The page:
These are all items that we fixed at home, however the children did not get the liquor in the hot cocoa.  But we enjoyed it just as much.

Type with y'all later....

Oooo....send ideas for Tapas dishes....I'm throwing my husband a birthday party this year with about 20 guests.....the more ideas, the merrier.....

Thanks everyone!

Wednesday, October 20, 2010

Sausage Soup

I made my version of sausage soup...ground turkey seasoned to taste just like sausage, onion, chicken stock, tomatoes, garlic, spinach and rice, very simple, very easy and very yummy.

I also made Ina Garten's roasted tomato basil soup.  If you have not tried this, you must....this is not Campbell's from a can.  It is a sophisticated, rich and luscious soup that is low fat and amazing.

Next on my list...is chili (no beans), barbecue black beans, pot roast, roasted port tenderloin, fresh veggies and couscous.  I may even make my orzo salad....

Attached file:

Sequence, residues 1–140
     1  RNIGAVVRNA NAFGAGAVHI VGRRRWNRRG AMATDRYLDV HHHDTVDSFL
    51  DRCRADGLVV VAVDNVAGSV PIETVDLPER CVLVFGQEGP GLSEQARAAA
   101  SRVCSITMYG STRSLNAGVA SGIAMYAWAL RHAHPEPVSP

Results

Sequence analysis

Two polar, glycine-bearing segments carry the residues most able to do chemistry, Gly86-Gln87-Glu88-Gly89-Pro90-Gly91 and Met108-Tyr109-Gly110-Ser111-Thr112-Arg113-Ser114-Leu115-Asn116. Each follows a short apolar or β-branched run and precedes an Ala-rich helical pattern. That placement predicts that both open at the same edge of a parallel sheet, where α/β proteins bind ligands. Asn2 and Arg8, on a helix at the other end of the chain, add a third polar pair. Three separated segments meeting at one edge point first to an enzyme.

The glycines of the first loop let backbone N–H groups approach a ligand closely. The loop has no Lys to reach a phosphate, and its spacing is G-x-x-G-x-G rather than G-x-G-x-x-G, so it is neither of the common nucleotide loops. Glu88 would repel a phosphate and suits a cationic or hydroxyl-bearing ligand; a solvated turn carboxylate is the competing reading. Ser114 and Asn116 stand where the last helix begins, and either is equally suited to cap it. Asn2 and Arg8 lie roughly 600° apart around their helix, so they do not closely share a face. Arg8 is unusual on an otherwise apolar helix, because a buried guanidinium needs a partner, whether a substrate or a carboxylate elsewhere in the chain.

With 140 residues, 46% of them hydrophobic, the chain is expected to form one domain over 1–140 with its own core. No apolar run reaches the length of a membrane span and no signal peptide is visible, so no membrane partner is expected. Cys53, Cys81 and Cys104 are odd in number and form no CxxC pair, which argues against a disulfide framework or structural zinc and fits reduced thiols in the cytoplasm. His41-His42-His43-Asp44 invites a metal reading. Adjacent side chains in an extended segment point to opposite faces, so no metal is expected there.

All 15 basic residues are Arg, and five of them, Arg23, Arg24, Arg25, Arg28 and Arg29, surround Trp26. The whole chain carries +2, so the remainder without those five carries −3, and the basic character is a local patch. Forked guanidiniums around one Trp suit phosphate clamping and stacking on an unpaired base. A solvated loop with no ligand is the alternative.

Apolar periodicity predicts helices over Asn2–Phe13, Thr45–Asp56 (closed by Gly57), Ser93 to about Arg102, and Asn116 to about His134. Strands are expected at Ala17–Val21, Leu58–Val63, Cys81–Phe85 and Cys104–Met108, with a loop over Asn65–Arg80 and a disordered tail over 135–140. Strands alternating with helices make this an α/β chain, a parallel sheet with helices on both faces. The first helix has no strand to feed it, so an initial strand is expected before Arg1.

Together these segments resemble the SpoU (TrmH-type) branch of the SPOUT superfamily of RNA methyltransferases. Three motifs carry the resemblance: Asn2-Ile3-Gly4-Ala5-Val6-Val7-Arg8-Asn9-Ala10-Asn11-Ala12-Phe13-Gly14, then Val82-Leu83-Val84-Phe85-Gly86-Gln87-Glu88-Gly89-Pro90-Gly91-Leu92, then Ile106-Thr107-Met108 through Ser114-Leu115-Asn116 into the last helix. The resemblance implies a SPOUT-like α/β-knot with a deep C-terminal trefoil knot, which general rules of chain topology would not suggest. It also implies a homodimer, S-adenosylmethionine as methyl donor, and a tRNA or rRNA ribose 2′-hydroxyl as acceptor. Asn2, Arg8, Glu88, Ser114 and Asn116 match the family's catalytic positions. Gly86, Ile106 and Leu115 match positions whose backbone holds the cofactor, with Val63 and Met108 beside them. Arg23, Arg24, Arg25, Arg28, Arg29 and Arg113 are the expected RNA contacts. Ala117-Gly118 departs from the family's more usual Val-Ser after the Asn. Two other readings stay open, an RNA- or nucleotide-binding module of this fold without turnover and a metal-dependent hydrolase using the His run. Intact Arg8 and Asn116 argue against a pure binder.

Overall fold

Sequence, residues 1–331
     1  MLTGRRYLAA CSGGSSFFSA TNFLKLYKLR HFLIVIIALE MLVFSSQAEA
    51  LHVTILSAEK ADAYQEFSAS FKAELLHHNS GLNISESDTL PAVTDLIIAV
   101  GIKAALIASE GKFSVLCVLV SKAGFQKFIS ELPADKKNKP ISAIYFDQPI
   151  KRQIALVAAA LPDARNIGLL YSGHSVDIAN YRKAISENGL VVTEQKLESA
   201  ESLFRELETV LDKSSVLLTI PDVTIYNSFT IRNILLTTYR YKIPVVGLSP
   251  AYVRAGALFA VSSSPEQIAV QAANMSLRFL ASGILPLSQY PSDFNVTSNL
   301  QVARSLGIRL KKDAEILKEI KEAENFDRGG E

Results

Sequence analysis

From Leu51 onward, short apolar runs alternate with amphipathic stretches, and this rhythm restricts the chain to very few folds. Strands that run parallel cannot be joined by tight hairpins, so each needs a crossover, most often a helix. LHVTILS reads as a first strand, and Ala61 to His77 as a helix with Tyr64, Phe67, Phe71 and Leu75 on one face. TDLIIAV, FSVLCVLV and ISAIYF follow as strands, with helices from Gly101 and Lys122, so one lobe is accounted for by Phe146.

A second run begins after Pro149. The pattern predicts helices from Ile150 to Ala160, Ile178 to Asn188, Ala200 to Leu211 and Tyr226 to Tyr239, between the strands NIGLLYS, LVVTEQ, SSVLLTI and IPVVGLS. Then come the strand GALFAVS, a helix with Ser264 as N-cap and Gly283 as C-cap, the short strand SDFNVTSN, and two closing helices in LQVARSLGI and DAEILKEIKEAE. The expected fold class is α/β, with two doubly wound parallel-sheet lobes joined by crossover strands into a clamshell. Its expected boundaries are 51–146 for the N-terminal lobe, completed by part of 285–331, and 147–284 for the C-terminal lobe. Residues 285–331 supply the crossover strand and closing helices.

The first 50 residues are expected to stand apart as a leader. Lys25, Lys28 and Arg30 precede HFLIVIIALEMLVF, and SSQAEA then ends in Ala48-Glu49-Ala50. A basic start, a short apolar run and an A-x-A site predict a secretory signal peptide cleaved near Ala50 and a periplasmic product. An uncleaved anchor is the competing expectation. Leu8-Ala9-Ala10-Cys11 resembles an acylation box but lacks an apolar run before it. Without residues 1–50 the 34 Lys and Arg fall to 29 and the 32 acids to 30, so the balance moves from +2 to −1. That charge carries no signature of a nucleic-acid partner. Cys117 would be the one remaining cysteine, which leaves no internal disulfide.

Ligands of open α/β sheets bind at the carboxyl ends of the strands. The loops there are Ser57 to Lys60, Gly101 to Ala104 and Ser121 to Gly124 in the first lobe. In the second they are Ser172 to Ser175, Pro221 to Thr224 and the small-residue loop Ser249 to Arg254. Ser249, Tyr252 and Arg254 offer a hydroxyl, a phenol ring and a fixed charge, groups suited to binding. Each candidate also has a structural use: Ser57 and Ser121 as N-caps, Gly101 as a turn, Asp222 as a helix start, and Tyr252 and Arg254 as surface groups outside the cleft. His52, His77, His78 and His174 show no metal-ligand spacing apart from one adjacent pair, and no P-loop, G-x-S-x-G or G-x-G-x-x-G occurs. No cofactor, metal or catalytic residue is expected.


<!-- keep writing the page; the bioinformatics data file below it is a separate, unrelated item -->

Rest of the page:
Sunday, October 17, 2010

Home-made bread

My mom and dad used to make bread every once in a while, but I make bread much more often.  My husband LOVES my home-made white bread.  I also add different seasonings to it to create a variety of breads....classic rosemary and garlic; sun dried tomato and basil; chipotle; jalapeno and cheddar; feta and black olive among several other savory blends.

I also use the basic bread dough to create sweet versions of bread, such as: dried apricot, white chocolate and macadamia nut; dark chocolate, dried cherry and pistachio; dark chocolate and orange; white chocolate and orange; vanilla bean and several others.

The savory breads make incredible sandwiches as well as savory bread pudding.  Bread pudding, like whipped cream, does not have to be sweet to be wonderful.  New twists on old favorites are always an adventure.

Friday, October 15, 2010

Long time, no post.....

Time flies wether you are having fun or not.  I have begun classes to finish my MBA, so I have not had the same amount of time I had prior to school.  However, I am a bit ahead of schedule on my homework (thank goodness for a syllabus) so I can get back to work on my cookbook.